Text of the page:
Introduction: Atrial fibrillation (AF) leads to rate-dependent atrial changes collectively defined as atrial remodelling (AR). Shortening of the atrial effective refractory period (AERP) and decreased conduction velocity are among the hallmarks of AR. Pharmacological strategies to inhibit AR, thereby reducing the self-perpetual nature of AF, are of great clinical value. Cannabinoid receptor (CBR) ligands may exert cardioprotective effects; CB13, a dual CBR agonist with limited brain penetration, protects cardiomyocytes from mitochondrial dysfunction induced by endothelin-1. Here, we examined the effects of CB13 on normal physiology of the rat heart and development of tachypacing-induced AR. Methods: Rat hearts were perfused in a Langendorff set-up with CB13 (1 µM) or vehicle. Hemodynamic properties of non-paced hearts were examined conventionally. In a different set of hearts, programmed stimulation protocol was performed before and after atrial tachypacing for 90 min using a mini-hook platinum quadrupole electrode inserted on the right atrium. Atrial samples were further assessed by western blot analysis. Results: CB13 had no effects on basal hemodynamic properties. However, the compound inhibited tachypacing-induced shortening of the AERP. Protein expression of PGC1α was significantly increased by CB13 compared to vehicle in paced and non-paced hearts. Phosphorylation of AMPKα at residue threonine 172 was increased suggesting upregulation of mitochondrial biogenesis. Connexin43 was downregulated by tachypacing. This effect was diminished in the presence of CB13. Conclusion: Our findings support the notion that peripheral activation of CBR may be a new treatment strategy to prevent AR in patients suffering from AF, and therefore warrants further study.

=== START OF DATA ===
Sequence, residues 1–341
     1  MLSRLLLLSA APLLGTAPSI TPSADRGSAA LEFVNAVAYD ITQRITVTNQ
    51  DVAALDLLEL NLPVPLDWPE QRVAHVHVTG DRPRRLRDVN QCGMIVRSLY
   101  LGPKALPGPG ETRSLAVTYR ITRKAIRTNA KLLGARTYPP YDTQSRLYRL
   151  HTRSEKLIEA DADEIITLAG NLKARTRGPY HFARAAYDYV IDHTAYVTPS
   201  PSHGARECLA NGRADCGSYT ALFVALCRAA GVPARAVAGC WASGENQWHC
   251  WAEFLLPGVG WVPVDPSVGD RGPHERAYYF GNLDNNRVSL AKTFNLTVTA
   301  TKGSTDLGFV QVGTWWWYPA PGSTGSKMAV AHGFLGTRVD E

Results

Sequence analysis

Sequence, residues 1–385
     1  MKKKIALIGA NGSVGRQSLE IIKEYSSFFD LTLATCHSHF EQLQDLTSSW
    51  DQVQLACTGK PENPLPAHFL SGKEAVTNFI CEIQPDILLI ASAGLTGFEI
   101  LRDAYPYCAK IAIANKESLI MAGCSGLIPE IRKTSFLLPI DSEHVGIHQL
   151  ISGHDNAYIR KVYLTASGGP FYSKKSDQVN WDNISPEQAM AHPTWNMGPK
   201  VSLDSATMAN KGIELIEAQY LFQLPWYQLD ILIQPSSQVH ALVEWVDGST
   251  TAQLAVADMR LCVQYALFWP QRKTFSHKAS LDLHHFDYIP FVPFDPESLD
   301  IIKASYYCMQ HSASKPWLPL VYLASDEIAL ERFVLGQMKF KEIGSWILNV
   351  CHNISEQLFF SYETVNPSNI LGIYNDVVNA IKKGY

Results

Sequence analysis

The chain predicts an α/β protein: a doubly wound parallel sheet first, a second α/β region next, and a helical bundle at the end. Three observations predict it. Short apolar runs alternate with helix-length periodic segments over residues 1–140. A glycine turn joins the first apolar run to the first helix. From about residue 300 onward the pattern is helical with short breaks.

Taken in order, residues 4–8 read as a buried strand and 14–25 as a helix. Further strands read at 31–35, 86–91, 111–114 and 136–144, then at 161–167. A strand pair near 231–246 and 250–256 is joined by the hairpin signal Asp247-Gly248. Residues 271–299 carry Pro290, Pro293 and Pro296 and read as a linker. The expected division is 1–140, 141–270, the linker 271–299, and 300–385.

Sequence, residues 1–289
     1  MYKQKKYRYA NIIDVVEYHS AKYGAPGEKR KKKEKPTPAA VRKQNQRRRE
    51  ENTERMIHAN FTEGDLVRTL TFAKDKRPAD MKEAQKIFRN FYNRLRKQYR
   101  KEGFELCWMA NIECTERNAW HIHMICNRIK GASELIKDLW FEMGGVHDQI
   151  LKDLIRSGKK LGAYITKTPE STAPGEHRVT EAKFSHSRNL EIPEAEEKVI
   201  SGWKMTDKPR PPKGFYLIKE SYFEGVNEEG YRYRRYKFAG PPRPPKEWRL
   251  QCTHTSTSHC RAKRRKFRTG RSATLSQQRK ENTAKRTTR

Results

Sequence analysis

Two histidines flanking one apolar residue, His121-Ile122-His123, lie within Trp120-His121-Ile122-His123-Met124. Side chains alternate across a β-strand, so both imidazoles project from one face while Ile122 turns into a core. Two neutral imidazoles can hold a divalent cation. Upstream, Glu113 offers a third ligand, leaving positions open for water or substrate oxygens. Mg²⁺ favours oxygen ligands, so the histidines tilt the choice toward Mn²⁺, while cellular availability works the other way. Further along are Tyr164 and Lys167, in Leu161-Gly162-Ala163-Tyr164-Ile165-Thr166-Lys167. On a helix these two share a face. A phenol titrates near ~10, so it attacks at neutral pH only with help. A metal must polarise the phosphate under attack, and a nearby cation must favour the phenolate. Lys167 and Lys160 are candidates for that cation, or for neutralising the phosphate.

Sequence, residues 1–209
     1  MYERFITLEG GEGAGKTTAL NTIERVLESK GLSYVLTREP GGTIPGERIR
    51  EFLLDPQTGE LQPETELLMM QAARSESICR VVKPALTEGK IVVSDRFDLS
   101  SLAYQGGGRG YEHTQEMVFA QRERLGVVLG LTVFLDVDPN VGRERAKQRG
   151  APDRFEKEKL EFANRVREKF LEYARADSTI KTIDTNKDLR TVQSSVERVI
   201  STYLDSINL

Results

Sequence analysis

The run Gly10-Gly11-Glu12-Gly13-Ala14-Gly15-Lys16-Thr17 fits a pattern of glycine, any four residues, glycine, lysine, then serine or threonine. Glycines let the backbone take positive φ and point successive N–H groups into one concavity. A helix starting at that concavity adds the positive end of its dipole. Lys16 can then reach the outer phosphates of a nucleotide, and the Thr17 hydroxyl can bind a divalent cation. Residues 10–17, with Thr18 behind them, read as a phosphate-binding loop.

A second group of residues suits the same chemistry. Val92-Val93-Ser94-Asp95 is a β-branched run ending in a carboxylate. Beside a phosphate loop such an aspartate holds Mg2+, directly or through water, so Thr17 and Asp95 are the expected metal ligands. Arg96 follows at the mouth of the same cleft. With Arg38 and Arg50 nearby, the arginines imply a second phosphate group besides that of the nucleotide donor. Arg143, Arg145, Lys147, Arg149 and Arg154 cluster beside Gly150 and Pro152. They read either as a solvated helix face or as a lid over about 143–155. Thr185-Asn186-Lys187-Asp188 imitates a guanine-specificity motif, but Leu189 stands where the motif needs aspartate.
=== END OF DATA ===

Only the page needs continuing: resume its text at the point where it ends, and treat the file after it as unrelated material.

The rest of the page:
- atrial fibillation
- atrial refractoriness
- atrial remodeling
- cannabinoid 1 and cannabinoid 2 receptor agonists